'Here's what's going to happen...'
Jack Dorsey steps down from Twitter. Should we care? I'm not sure, but here's a cool story. Also, 7 other things worth your time.
The head of Twitter is quitting Twitter. Jack Dorsey announced Monday that he's stepping down as CEO. Twitter’s company's chief technology officer, Parag Agrawal, will take over.
There are a lot of people writing a lot of takes today on WHAT IT ALL MEANS for social media, as a result. But, I have to admit: I have no idea. (Neither does anyone else.)
However, I did realize that this news makes it the perfect time—in fact, perhaps the last perfect time—for me to share the story of a quick decision Dorsey once made that changed someone's life for the better.
So, let’s do that. It goes back to 2018, when Twitter held an unusual, all-hands retreat in San Francisco. Almost every Twitter employee was supposed to be there, and Elon Musk was supposed to be the keynote speaker.
But, plans changed. According to some reports, Musk had to cancel at literally the last minute, which meant that an hour before the event, Dorsey was still looking for someone to step in and give an address to 3,500 employees.
It was at that moment that a photographer named Jon Carmichael, who was documenting the event for Twitter itself, ran into Dorsey backstage.
I've written about Carmichael here in the past, because he took one of my favorite photographs ever—a shot he’d planned for years. It’s an amazing view of the Great American Eclipse on August 21, 2017, which was about a year before the Twitter event in San Francisco.
Here’s the photo. He took it from Seat 1A of a regular Southwest Airlines flight from Portland to St. Louis, after he’d calculated that its scheduled route meant it would offer the best vantage point anyone could have on the planet to record the image.
Working at the Twitter event in San Francisco, Carmichael had been excited to meet Musk, and he’d produced a really high-quality print of the photo, which almost nobody had seen yet, as a gift.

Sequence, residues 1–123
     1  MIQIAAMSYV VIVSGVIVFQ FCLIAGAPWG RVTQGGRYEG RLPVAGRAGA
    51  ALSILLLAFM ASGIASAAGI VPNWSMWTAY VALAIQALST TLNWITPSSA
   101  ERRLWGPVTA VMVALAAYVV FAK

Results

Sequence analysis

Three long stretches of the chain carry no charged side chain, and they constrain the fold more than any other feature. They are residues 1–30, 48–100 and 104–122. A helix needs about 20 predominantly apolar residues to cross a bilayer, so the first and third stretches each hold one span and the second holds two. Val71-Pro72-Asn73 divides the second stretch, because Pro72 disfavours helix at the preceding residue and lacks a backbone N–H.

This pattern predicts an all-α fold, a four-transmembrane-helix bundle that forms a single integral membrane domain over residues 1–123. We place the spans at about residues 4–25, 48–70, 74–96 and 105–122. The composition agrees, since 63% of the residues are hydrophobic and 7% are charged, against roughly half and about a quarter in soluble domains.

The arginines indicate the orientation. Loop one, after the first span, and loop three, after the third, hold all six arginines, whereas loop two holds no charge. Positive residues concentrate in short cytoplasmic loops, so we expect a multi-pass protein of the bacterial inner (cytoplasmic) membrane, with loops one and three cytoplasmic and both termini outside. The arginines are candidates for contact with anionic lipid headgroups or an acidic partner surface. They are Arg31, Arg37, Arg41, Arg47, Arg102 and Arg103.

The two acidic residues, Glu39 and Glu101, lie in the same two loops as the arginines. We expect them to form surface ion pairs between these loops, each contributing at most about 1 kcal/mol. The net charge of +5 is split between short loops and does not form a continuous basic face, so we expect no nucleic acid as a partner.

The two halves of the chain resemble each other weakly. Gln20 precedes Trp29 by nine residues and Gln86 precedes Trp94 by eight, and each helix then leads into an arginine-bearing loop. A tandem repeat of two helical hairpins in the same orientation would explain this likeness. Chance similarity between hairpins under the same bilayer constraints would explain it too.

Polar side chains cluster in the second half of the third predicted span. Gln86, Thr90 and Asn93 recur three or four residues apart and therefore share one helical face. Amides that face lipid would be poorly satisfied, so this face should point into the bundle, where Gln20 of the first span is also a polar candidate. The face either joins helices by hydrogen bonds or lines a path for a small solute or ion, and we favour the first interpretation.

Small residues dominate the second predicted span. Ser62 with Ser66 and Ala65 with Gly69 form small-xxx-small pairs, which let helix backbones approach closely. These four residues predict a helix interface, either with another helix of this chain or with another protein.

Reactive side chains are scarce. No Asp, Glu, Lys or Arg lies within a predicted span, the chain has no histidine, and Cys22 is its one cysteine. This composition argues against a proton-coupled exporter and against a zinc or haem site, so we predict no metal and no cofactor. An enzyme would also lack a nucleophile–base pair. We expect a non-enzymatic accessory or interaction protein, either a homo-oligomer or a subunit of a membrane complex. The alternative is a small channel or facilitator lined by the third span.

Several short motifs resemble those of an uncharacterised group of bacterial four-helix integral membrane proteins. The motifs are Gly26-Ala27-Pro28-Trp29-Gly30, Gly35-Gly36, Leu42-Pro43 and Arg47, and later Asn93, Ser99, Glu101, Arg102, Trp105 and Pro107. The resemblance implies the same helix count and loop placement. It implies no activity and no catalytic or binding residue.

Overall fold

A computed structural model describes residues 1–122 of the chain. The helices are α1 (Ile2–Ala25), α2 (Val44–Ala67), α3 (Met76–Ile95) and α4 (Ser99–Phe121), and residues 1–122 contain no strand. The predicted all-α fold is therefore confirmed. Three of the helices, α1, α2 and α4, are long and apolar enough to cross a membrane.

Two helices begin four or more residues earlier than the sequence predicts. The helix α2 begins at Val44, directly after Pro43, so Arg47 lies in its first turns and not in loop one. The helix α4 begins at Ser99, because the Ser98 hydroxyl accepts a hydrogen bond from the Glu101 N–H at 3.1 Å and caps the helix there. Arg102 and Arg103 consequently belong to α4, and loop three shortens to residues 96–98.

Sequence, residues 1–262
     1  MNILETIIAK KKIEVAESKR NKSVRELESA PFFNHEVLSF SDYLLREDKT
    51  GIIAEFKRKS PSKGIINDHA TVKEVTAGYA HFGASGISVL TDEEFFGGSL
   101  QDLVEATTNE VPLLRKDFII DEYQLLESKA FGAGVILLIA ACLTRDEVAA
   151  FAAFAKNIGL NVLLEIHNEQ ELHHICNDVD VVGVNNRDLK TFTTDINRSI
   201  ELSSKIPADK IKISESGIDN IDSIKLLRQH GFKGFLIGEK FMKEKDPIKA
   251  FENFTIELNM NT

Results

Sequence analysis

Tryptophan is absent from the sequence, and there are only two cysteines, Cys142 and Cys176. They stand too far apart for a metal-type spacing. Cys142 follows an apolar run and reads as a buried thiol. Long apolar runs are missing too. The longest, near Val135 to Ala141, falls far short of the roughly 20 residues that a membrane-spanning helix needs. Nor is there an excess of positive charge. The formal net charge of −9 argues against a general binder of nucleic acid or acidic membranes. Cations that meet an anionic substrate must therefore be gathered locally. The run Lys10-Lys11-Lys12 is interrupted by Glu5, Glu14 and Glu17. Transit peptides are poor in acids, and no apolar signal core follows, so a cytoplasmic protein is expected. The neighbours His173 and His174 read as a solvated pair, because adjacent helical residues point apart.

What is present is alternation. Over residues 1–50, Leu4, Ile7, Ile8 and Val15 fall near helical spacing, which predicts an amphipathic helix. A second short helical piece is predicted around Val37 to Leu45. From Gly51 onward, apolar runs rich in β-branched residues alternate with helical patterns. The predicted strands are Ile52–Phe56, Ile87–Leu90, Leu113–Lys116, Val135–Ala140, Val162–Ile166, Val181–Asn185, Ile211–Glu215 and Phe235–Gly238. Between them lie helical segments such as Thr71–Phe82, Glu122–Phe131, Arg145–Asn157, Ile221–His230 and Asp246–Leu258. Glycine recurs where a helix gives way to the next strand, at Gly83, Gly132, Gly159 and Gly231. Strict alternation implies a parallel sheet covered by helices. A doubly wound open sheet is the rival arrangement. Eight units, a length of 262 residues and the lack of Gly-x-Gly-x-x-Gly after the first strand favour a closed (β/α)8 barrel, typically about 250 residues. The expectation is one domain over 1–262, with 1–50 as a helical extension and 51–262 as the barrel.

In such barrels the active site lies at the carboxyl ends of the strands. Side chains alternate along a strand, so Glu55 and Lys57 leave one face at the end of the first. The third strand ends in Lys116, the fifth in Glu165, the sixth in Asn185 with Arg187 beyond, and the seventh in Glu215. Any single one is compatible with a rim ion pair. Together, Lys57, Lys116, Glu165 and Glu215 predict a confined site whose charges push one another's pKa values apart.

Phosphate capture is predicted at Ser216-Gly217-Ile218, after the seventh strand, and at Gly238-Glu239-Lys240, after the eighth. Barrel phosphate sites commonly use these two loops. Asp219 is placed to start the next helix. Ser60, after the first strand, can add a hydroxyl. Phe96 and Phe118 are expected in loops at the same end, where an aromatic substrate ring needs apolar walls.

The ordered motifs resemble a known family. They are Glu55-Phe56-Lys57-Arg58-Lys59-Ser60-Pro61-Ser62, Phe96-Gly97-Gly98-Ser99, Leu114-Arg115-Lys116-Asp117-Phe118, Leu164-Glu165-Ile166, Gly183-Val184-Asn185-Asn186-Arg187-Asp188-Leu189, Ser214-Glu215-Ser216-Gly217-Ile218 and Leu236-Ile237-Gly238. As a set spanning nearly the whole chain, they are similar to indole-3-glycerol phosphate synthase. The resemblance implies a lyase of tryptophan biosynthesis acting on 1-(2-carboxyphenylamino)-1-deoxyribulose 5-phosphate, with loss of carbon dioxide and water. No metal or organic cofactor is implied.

But, when Musk didn't show and Carmichael ran into Dorsey backstage, and he made a split-second decision to give the Twitter CEO the print instead.
"I told him the whole story [behind the photo]. And he goes, 'Okay, here's what's going to happen. In 45 minutes, I'm going to be introducing you on stage to share this story and this image with my entire company. Can you do that?'“
Oh, by the way: Carmichael had never given a speech before in his life: no speaking tour, no toast at a wedding, no debate team in high school. But, he agreed, and he rose to the occasion.
As he later recalled: "It was just the most beautiful moment I could've ever imagined. It was so moving. I got multiple standing ovations.”
As a result of his talk, Carmichael said, Twitter completely bought in. When he officially unveiled the photo a couple of weeks later, on August 21, 2018, Twitter helped him in the form of a streamed broadcast to all 32 Twitter offices around the world.
Carmichael has been trying since then to use his photo (and the story of how he spent years planning to take it) to inspire interest in astronomy—and the shared experiences people can have as a result.
In 2017, he said, tens of millions of people lived within half an hour of where they could have experienced totality, but didn't make the trip. He wants to change that for the next one.
"I'm really passionate about that because this was such a uniting moment in our history and it was such a beautiful moment, too," he said.
OK then. Here’s what’s going to happen: The next total solar eclipse visible over the United States will be on April 8, 2024.
I plan to pay attention. Anyone else?
By the way, here’s Dorsey’s resignation letter (posted on Twitter, of course).
7 other things worth your time
A federal judge in Missouri issued an order Monday that partially blocks the Biden administration from enforcing a vaccine mandate for health workers in 10 states: Alaska, Arkansas, Iowa, Kansas, Missouri, New Hampshire, Nebraska, Wyoming, and North and South Dakota. (CNN)
But: Separately, the U.S. Supreme Court refused to block vaccine mandates for Massachusetts hospital workers, at least in an emergency motion. (Courthouse News)
The Ghislaine Maxwell trial is underway, and it’s already as sordid as you might have imagined. I don’t think I’ll be writing about this day after day, but just so you know it’s happening. (The Daily Beast)
A 63-year-old man from Tennessee was arrested this month after allegedly holding Little Caesars employees at gunpoint (with an AK-47) after being told he would have to wait 10 minutes for his pizza. (Newsweek)
As of midnight, the Queen of England is no longer the head of state of Barbados. (Metro UK)
Really? “Santa Claus is in high demand and short supply, leading to nationwide shortage.”(People)
Which birds are the biggest jerks at the feeder? A massive data analysis reveals the answer. (Wild turkeys at the top; brown creepers at the bottom.) (WashPost)